Abstract: This handbook looks to provide academics and students with a comprehensive and holistic understanding of the phenomenon of innovation. Innovation spans a number of fields within the social sciences and humanities: Management, Economics, Geography, Sociology, Politics, Psychology, and History. Consequently, the rapidly increasing body of literature on innovation is characterized by a multitude of perspectives based on, or cutting across, existing disciplines and specializations. Scholars of innovation can come from such diverse starting points that much of this literature can be missed, and so constructive dialogues missed. The editors of The Oxford Handbook of Innovation have carefully selected and designed twenty-one contributions from leading academic experts within their particular field, each focusing on a specific aspect of innovation. These have been organized into four main sections, the first of which looks at the creation of innovations, with particular focus on firms and networks. Section Two provides an account of the wider systematic setting influencing innovation and the role of institutions and organizations in this context. Section Three explores some of the diversity in the working of innovation over time and across different sectors of the economy, and Section Four focuses on the consequences of innovation with respect to economic growth, international competitiveness, and employment. An introductory overview, concluding remarks, and guide to further reading for each chapter, make this handbook a key introduction and vital reference work for researchers, academics, and advanced students of innovation. Contributors to this volume - Jan Fagerberg, University of Oslo William Lazonick, INSEAD Walter W. Powell, Stanford University Keith Pavitt, SPRU Alice Lam, Brunel University Keith Smith, INTECH Charles Edquist, Linkoping David Mowery, University of California, Berkeley Mary O'Sullivan, INSEAD Ove Granstrand, Chalmers Bjorn Asheim, University of Lund Rajneesh Narula, Copenhagen Business School Antonello Zanfei, Urbino Kristine Bruland, University of Oslo Franco Malerba, University of Bocconi Nick Von Tunzelmann, SPRU Ian Miles, University of Manchester Bronwyn Hall, University of California, Berkeley Bart Verspagen , ECIS Francisco Louca, ISEG Manuel M. Godinho, ISEG Richard R. Nelson, Mario Pianta, Urbino Bengt-Ake Lundvall, Aalborg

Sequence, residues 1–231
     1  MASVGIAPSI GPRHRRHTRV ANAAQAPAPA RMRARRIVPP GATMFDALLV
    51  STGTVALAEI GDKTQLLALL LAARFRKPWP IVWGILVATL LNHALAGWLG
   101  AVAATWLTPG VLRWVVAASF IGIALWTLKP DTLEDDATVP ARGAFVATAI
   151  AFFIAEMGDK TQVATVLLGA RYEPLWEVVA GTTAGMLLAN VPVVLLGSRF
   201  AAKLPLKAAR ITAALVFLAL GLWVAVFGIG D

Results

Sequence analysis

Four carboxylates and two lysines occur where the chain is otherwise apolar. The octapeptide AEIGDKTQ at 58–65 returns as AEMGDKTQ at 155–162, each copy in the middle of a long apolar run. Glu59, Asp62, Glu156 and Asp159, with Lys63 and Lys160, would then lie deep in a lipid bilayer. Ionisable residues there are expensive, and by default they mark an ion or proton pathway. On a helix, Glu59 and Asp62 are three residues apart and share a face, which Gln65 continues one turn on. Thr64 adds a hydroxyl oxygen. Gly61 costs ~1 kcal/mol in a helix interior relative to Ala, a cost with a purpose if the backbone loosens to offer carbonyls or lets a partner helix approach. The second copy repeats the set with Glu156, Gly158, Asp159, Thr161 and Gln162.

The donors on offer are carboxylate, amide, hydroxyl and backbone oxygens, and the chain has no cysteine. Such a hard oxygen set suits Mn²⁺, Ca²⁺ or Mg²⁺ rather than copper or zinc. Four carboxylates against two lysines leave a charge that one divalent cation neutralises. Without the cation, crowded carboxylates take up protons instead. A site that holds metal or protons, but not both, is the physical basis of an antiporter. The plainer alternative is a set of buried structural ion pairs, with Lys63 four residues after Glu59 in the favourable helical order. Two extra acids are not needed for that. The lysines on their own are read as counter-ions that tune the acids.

TL;DR: The aim of this work is to provide the readers with the know how for the application of recurrence plot based methods in their own field of research, and detail the analysis of data and indicate possible difficulties and pitfalls.
Abstract: Recurrence is a fundamental property of dynamical systems, which can be exploited to characterise the system's behaviour in phase space. A powerful tool for their visualisation and analysis called recurrence plot was introduced in the late 1980's. This report is a comprehensive overview covering recurrence based methods and their applications with an emphasis on recent developments. After a brief outline of the theory of recurrences, the basic idea of the recurrence plot with its variations is presented. This includes the quantification of recurrence plots, like the recurrence quantification analysis, which is highly effective to detect, e. g., transitions in the dynamics of systems from time series. A main point is how to link recurrences to dynamical invariants and unstable periodic orbits. This and further evidence suggest that recurrences contain all relevant information about a system's behaviour. As the respective phase spaces of two systems change due to coupling, recurrence plots allow studying and quantifying their interaction. This fact also provides us with a sensitive tool for the study of synchronisation of complex systems. In the last part of the report several applications of recurrence plots in economy, physiology, neuroscience, earth sciences, astrophysics and engineering are shown. The aim of this work is to provide the readers with the know how for the application of recurrence plot based methods in their own field of research. We therefore detail the analysis of data and indicate possible difficulties and pitfalls.